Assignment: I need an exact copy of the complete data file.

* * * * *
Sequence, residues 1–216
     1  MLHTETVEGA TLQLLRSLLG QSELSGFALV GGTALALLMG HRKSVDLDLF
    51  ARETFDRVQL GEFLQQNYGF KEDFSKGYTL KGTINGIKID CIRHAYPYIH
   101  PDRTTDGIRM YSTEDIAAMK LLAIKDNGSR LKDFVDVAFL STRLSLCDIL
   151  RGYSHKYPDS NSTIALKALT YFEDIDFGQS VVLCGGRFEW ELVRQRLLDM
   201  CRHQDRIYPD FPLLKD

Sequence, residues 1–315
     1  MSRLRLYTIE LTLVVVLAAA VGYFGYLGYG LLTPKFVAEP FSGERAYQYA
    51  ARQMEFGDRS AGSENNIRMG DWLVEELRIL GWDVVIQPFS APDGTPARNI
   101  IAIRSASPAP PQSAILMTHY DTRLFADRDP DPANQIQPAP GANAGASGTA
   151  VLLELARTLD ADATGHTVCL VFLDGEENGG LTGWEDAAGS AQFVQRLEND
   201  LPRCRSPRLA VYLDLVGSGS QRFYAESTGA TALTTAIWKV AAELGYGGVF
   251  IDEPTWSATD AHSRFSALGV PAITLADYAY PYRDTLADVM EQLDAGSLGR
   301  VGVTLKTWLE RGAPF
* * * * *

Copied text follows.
Sequence, residues 1–216
     1  MLHTETVEGA TLQLLRSLLG QSELSGFALV GGTALALLMG HRKSVDLDLF
    51  ARETFDRVQL GEFLQQNYGF KEDFSKGYTL KGTINGIKID CIRHAYPYIH
   101  PDRTTDGIRM YSTEDIAAMK LLAIKDNGSR LKDFVDVAFL STRLSLCDIL
   151  RGYSHKYPDS NSTIALKALT YFEDIDFGQS VVLCGGRFEW ELVRQRLLDM
   201  CRHQDRIYPD FPLLKD

Sequence, residues 1–315
     1  MSRLRLYTIE LTLVVVLAAA VGYFGYLGYG LLTPKFVAEP FSGERAYQYA
    51  ARQMEFGDRS AGSENNIRMG DWLVEELRIL GWDVVIQPFS APDGTPARNI
   101  IAIRSASPAP PQSAILMTHY DTRLFADRDP DPANQIQPAP GANAGASGTA
   151  VLLELARTLD ADATGHTVCL VFLDGEENGG LTGWEDAAGS AQFVQRLEND
   201  LPRCRSPRLA VYLDLVGSGS QRFYAESTGA TALTTAIWKV AAELGYGGVF
   251  IDEPTWSATD AHSRFSALGV PAITLADYAY PYRDTLADVM EQLDAGSLGR
   301  VGVTLKTWLE RGAPF